The Old Man And The Court
And then what? Once the season is over, there’s no telling what will happen to Steve Nash. The Lakers might choose to use the “stretch provision” on him, spreading his $9.7 M salary over the next three years so as to free up cap space for the next version of their team. Or they might decide to keep Nash on the roster until his contract is up, not because they have a strong interest in retaining his services as a basketball player, but because doing so removes the entirety of their financial commitment to him sooner, like ripping off a Band-aid.
One thing, however, remains clear – Nash is unlikely to take the easy way out and simply retire before the Lakers have the chance to tell him he is unwanted. Part of him doesn’t want to stop trying for all the normal reasons that athletes hang on too long – that being a professional basketball player is such a large part of his identity, and he is afraid to lose that piece of him. That he has made it this far by having an indomitable belief in self which doesn’t just go away overnight, even if it should. That he still genuinely loves to play the game, so why should he stop when he doesn’t have to. But many Lakers fans want him to stop, because it would make things easier on their team. Many basketball fans want him to retire, because it would make things easier on their hearts. Nobody likes watching what is happening to Steve Nash, being reminded that the mortality of our basketball heroes is no different than that of you or me. People want Nash to leave the game with dignity, to know when his time is up and step aside.
But Nash is interested in another kind of dignity – the dignity of knowing your fate without surrendering to it. Steve Nash knows the end is near. He knows that the Lakers would be justified in releasing him at season’s end, and that doing so would mark the end of his career. He knows that his legacy has already been written, that he does said legacy more harm than good by stretching things out as far as they will go. He knows that nobody would fault him for taking it easy, for giving up, for announcing his retirement tomorrow, or for accepting his paychecks without going through the gut-wrenching process of vigilant preparation for a return which may never come. He’s not unrealistic or delusional. He has little hope that he can be anything close to what he once was. But he presses on anyway. He will maintain his professionalism, his desire, his commitment, until the bitter end, even as he sees that end before him with clear eyes.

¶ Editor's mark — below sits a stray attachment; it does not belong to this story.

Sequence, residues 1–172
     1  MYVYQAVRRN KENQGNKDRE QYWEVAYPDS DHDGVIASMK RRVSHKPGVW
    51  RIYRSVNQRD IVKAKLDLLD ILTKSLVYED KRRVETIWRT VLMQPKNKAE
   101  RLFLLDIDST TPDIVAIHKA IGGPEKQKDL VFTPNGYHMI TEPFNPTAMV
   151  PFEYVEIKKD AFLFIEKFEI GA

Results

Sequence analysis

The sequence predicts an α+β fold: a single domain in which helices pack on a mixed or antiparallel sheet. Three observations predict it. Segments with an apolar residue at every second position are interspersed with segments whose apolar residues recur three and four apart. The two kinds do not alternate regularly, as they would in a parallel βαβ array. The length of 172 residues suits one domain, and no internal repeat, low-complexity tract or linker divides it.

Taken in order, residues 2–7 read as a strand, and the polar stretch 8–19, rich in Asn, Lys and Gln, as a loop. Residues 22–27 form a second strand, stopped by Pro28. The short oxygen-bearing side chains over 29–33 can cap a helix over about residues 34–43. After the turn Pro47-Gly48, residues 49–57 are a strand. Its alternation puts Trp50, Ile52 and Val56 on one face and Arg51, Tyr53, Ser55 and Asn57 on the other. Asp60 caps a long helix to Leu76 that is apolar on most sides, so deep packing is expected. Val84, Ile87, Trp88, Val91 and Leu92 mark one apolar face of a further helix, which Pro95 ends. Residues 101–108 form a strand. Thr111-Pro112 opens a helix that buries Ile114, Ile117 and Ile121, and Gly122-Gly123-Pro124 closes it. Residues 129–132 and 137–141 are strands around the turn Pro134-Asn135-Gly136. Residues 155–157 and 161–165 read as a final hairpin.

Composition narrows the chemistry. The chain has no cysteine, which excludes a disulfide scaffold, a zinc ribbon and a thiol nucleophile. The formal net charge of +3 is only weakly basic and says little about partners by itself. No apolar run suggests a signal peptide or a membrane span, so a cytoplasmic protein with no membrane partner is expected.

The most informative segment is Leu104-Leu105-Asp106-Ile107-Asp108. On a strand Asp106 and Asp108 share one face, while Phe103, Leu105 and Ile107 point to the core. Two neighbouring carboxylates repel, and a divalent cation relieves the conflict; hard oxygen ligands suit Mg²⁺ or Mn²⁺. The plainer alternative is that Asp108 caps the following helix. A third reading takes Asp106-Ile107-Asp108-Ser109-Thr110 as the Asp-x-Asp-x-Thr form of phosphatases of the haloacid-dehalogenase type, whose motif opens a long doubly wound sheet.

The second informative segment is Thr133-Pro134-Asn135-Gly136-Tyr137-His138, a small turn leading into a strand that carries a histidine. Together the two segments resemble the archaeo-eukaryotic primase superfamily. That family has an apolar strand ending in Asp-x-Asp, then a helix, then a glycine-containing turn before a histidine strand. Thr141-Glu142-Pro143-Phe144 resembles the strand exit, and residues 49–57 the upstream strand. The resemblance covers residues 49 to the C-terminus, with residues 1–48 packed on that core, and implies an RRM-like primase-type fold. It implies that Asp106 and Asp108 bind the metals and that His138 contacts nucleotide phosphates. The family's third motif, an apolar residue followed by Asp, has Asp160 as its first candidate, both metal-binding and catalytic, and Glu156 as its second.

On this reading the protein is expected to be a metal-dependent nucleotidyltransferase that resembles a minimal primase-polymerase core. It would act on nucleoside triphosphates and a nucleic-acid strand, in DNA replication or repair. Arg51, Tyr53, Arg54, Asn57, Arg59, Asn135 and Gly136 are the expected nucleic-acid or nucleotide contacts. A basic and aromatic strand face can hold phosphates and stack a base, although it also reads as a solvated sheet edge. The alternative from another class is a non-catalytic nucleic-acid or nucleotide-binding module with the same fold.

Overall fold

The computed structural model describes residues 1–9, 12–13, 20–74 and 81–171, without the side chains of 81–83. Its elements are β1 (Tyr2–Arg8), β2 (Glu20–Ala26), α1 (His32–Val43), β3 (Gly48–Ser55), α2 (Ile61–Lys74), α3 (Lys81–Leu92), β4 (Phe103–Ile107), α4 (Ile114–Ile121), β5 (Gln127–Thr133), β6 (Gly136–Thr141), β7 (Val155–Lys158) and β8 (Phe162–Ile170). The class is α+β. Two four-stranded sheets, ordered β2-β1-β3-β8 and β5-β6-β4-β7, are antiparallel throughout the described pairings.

When all is said and done, Steve Nash will go down as one of the finest offensive players the game of basketball has ever seen. His court vision, ability to hit shots, and leadership will forever be remembered, as will his captaincy of one of the most entertaining teams in the history of the sport. None of those qualities have been on display in his time in Los Angeles, because of the tragic intervention of bad luck and Father Time. However, as all those other qualities have been stripped away, we’ve been left to observe, in its purest form, the quality that is the foundation for everything else that Steve Nash has accomplished: Resolve.
Steve Nash will stay with basketball until it kills him, or at least, until he has nothing else to give. It is the ultimate expression of his character, and of his love of the game he’s devoted his life to. We shouldn’t want it any other way.
Steve Nash’s Top Moments OFF The Court
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